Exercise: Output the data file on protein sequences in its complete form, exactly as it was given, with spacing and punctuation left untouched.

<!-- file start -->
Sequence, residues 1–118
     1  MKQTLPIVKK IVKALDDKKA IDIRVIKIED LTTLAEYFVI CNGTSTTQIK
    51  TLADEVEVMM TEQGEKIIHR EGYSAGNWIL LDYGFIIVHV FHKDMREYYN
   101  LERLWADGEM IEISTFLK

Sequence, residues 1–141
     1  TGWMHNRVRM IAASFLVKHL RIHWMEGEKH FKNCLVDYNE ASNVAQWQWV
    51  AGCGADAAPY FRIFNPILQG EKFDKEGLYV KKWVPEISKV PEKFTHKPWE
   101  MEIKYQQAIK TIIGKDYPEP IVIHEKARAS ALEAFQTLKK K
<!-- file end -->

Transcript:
Sequence, residues 1–118
     1  MKQTLPIVKK IVKALDDKKA IDIRVIKIED LTTLAEYFVI CNGTSTTQIK
    51  TLADEVEVMM TEQGEKIIHR EGYSAGNWIL LDYGFIIVHV FHKDMREYYN
   101  LERLWADGEM IEISTFLK

Sequence, residues 1–141
     1  TGWMHNRVRM IAASFLVKHL RIHWMEGEKH FKNCLVDYNE ASNVAQWQWV
    51  AGCGADAAPY FRIFNPILQG EKFDKEGLYV KKWVPEISKV PEKFTHKPWE
   101  MEIKYQQAIK TIIGKDYPEP IVIHEKARAS ALEAFQTLKK K